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Residential mobility in childhood and health outcomes: a systematic review
  1. T Jelleyman1,
  2. N Spencer2
  1. 1
    Child Health Services, Waitakere Hospital, West Auckland, New Zealand
  2. 2
    School of Health and Social Studies and Warwick Medical School, University of Warwick, Coventry, UK
  1. Dr T Jelleyman, Child Health Services, Waitakere Hospital, 55–57 Lincoln Road, Henderson, Auckland, New Zealand; jelleyet{at}


Objective: To assess evidence for residential mobility in childhood having an adverse association with health outcomes through the life course.

Methods: A systematic search of medical and social sciences literature was undertaken to identify research defining residential mobility as an independent variable and in which health outcomes were described and objectively measured. Studies were excluded that investigated international migration for asylum or were limited to educational outcomes. Two reviewers assessed each study using quality criteria with particular attention to the consideration of confounders and potential for bias. Data were extracted for analysis using a structured form.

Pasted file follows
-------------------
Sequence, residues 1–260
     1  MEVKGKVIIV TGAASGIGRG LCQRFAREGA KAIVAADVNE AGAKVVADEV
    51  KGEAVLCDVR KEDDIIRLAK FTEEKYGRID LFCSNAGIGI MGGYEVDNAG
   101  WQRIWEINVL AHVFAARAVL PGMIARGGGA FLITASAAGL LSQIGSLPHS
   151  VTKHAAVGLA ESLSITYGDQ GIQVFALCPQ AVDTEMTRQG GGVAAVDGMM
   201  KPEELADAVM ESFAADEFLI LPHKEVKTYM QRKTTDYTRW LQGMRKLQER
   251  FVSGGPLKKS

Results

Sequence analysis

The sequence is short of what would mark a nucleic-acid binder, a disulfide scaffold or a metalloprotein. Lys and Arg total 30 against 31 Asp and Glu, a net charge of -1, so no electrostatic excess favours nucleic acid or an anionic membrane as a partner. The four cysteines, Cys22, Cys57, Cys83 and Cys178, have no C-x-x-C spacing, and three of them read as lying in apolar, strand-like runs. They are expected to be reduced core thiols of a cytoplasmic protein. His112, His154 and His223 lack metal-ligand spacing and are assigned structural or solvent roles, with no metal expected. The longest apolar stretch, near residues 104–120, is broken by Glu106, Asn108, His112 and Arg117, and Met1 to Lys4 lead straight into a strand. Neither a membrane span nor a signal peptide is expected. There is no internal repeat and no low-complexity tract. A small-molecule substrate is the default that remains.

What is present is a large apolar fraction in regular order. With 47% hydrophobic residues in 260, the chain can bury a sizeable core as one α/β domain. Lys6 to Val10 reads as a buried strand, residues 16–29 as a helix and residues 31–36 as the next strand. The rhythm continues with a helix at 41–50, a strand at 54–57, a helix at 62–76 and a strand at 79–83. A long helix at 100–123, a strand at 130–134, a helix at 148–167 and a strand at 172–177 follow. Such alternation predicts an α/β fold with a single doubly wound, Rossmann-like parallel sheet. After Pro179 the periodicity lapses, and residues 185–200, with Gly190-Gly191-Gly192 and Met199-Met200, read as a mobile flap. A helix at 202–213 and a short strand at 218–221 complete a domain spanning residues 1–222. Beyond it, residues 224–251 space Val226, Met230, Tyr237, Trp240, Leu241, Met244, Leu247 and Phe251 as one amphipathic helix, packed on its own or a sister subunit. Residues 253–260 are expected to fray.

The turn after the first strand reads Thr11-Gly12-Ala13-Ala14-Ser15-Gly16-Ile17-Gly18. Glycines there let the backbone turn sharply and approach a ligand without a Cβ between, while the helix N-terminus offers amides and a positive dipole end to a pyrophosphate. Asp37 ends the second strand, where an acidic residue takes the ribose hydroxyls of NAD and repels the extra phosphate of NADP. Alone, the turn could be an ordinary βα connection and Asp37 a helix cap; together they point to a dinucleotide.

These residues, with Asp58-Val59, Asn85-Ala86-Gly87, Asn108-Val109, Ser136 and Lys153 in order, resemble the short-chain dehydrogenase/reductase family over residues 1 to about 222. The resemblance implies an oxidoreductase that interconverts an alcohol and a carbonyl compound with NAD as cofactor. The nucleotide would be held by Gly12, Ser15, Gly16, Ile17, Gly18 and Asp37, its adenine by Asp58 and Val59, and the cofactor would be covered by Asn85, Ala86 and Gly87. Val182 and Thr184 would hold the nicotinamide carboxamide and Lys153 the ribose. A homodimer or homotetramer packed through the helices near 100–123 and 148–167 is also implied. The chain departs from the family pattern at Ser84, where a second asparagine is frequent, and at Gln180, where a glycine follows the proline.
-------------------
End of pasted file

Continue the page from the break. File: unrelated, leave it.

Results: Twenty-two studies were included for this review. Outcomes identified in association with residential mobility included: higher levels of behavioural and emotional problems; increased teenage pregnancy rates; accelerated initiation of illicit drug use; adolescent depression; reduced continuity of healthcare. Studies assessed as having lower quality were less likely to demonstrate statistically significant effects. Heterogeneity precluded meta-analysis.

Conclusions: Residential mobility interacts at neighbourhood, family and individual levels in cumulative and compounding ways with significance for the wellbeing of children. High frequency residential change is potentially a useful marker for the clinical risk of behavioural and emotional problems. The evidence supports the reorientation of health services effectively to engage these residentially mobile children for whom health and psychological needs may be identified. The impact of housing and economic policies on childhood residential mobility should be evaluated considering this evidence.

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  • Competing interests: None.

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